Oh, is this what “hipsters” are that everybody’s always worried about? I can never really tell. I definitely don’t think these are “geeks,” unless it’s the honorary kind that have to have somebody on the internet vouch for them, like “no, Vin Diesel really is a geek, he showed me he had Dungeons and Dragons dice in his glove compartment.” No, I get the idea these guys are hip, and therefore hipsters. But they might just be civilians. I’m not very good at this.
BELLFLOWER is the story of two twenty something dudes in California, Woodrow (Evan Glodell, also writer and director) and Aiden (Tyler Dawson), who love the MAD MAX movies, or at least part 2. Well, what else is new, right? I’m sure they also like pizza. Not exactly a unique trait. But these guys take their love further than the average citizens, they have figured out the name and logo of the gang they would have after the apocalypse and have been dedicating their time to building a blowtorch and dreaming of their ideal fire-spewing post-apocalyptic muscle car. It might be cooler if this was a hobby they pursued stone faced, instead it’s more of a smiling, awfully-proud-of-themselves type of not-exactly-ironic type approach. It can seem smarmy at times, but at least it feels like some real guys you might know, and not some winky comedy type of deal.
But there are no gangs of roving bandits or anything for these boys to deal with, so instead they just go to bars and try to meet girls. You should know that that’s what this is about, it’s an indie relationship drama. Woodrow meets Milly (Jessie Wiseman) when he competes against her in a cricket eating contest at a bar (you know how it is) and they end up on a date which turns into a spontaneous road trip to Texas to get meat loaf. Woodrow’s car Speedbiscuit has a tap in the dashboard that dispenses whisky – simultaneously his best and worst invention.
They drink constantly, say cute things, cuddle, he tries to be macho but gets punched in the face so hard it makes him puke, they laugh about it. When they come back to L.A. there are parties, conflicts, fights. He starts to turn into kind of an asshole. Every once in a while he goes out with his overly forgiving best friend Aiden to test the blowtorch or shoot guns. When his life takes a dark turn Aiden tries to cheer him up by buying him a car and beginning to build it into there dream car, Medusa.
Like many men of this age group Woodrow and/or Glodell seem to think that growing a shaggy beard equals substance and an aura of mystery. So he grows a beard as the story goes on and he becomes more troubled. I think it’s supposed to make him look more badass when he turns angry and violent, but I don’t know about that. I’m just glad he’s not wearing one of those lady scarfs that men wear now, those look even worse with the beards. I heard an interview with Glodell and he seems like a real easygoing goofball, I suspect the broody hairy side in this movie is more of an act than the other part. He doesn’t seem to take himself as seriously as the character starts to.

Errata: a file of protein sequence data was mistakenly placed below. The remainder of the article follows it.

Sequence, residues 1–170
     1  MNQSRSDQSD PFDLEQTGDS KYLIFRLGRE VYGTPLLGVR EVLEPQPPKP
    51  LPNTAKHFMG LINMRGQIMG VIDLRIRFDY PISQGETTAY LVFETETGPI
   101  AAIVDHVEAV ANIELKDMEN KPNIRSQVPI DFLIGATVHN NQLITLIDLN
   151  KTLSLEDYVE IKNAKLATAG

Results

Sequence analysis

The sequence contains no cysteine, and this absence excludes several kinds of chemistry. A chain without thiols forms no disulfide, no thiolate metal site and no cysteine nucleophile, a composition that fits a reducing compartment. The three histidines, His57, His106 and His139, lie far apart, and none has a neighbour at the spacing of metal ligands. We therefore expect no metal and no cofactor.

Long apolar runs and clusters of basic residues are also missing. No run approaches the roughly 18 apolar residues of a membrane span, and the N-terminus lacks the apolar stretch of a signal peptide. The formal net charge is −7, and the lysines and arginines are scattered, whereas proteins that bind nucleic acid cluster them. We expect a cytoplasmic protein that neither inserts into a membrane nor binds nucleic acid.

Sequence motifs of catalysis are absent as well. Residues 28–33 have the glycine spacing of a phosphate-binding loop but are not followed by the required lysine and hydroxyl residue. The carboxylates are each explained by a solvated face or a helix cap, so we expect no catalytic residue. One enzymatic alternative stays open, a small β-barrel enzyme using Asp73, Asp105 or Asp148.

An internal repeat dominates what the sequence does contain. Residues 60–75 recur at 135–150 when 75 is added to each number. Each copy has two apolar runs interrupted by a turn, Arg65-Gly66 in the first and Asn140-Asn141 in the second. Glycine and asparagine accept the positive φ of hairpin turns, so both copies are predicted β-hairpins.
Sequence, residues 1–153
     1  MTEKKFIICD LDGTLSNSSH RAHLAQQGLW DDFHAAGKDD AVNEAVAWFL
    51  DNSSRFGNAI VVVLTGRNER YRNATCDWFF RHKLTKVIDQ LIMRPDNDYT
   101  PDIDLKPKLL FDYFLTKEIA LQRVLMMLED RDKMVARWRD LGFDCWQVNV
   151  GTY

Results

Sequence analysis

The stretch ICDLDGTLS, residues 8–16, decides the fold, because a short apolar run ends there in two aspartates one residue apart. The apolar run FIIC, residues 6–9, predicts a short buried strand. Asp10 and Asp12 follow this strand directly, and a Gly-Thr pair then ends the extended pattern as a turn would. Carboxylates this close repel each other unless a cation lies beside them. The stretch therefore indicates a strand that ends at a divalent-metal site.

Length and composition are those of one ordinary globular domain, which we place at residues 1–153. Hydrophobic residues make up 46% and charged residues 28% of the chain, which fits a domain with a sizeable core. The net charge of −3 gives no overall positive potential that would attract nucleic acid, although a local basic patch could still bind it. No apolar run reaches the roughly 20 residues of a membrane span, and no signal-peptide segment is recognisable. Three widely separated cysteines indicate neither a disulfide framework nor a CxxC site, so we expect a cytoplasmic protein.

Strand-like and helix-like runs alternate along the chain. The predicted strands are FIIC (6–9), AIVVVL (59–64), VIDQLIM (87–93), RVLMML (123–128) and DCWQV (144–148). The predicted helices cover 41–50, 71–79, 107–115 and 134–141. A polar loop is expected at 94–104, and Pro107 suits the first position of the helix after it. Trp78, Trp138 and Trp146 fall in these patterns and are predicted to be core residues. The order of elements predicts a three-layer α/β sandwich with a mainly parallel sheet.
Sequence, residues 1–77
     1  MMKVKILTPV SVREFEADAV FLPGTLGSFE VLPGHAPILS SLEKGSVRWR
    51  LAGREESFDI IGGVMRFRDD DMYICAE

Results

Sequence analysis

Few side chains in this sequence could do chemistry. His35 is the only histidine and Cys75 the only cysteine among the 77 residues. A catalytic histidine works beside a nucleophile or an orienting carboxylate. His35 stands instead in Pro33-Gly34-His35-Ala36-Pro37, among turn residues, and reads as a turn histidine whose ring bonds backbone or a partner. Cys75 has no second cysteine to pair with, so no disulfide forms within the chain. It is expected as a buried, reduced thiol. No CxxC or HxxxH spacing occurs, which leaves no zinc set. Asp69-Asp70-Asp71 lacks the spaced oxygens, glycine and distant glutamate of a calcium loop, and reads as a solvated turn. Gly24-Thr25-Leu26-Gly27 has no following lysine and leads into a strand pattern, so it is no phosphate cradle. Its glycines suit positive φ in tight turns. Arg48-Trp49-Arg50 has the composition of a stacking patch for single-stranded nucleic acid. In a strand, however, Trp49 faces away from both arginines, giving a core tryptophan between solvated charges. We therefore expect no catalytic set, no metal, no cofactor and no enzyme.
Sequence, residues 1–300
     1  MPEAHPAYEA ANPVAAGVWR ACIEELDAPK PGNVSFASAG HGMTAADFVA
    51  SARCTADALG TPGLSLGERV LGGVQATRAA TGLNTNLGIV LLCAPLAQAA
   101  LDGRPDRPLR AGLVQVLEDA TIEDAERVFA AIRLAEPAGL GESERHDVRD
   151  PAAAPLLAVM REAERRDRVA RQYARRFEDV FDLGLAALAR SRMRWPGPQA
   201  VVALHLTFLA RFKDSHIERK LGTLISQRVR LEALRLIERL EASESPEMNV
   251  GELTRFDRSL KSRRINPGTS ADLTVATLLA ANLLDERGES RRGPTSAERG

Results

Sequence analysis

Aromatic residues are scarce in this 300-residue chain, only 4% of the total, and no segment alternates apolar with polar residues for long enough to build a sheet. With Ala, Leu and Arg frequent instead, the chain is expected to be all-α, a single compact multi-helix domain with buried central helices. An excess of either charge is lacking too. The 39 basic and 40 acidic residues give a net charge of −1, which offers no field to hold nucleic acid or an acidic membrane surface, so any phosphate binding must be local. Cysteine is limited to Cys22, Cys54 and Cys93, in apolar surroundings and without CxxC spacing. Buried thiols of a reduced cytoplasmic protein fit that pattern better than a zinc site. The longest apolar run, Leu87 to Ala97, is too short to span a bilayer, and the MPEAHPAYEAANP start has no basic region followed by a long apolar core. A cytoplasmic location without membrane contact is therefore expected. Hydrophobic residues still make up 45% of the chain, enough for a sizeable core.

The digital cinematography looks real nice. Apparently they jerry–rigged their own deal that used vintage camera parts along with the modern digital. The acting feels very natural (less so in a few of the later scenes where they flip out on each other – it probly just means the actors aren’t used to throwing hissy fits). The actors look like L.A. people, not Hollywood people. They seem real, and I like how my initial judgments of them didn’t really hold up. At first Aiden seemed like what they call ” a douche,” but he’s so loyal to Woodrow and so upbeat that you gotta like him. Also he gives Woodrow a (morally questionable) pep talk entirely based around the philosophy of Lord Humungus. His insistence on building the car is supposedly gonna prepare them for the apocalypse, but what it really does is prepare Woodrow for his own personal apocalypse. When things go south in his life and relationships he can always hop in Medusa and leave town.
These people are always drinking. Things don’t always stay happy and nice, but there’s never a “you drink too much” scene. It might just be that the filmatists don’t realize they drink too much, but I’ll take it as them being subtle and not rubbing your nose in it. You get it.
So I enjoyed this one. Any misgivings I had weren’t necessarily flaws in the movie, just more of a generation or cultural gap between me and the characters. I mean, how much time do I really want to spend with these dudes? And am I imagining it or do none of these characters ever once have to go to work or mention how they get their money to pay rent? They do that in alot of movies I guess but it sticks out more in something that looks and feels as naturalistic as this. It seems to have more of an obligation to be true to life.
“Bellflower” is the name of the street they live on. You see the street sign in one shot, and if I was supposed to understand why that is relevant in any way I sure didn’t take the hint. I honestly think they could’ve come up with a much better title, such as MEDUSA MY LOVE, DRIVE ME CRAZY, BEARDED JUSTICE, FIRECAR, RELATIONSHIP MASSACRE ON BELLFLOWER AVE., KILLCAR, KILLMOBILE, KILLDRIVER, DRIVEKILLER, THE BREAKUP 2: CARS or CARS 2: THE BREAKUP.
As far as independent relationship drama type shit this is a pretty good one, but I definitely hope Mr. Glodell chooses to use his unique talents for the betterment of mankind in the future, by which I mean making movies more about cars and fire than about heartache. I mean, he can do what he wants, but he’s a tinkerer, really building all these unique cars and weapons and cameras himself and to me that’s a hell of alot more interesting than what happens between him and his girlfriend. There are millions of people that can grow a beard and stare out a window, but not as many that could build Medusa and drive her around without blowing themselves up.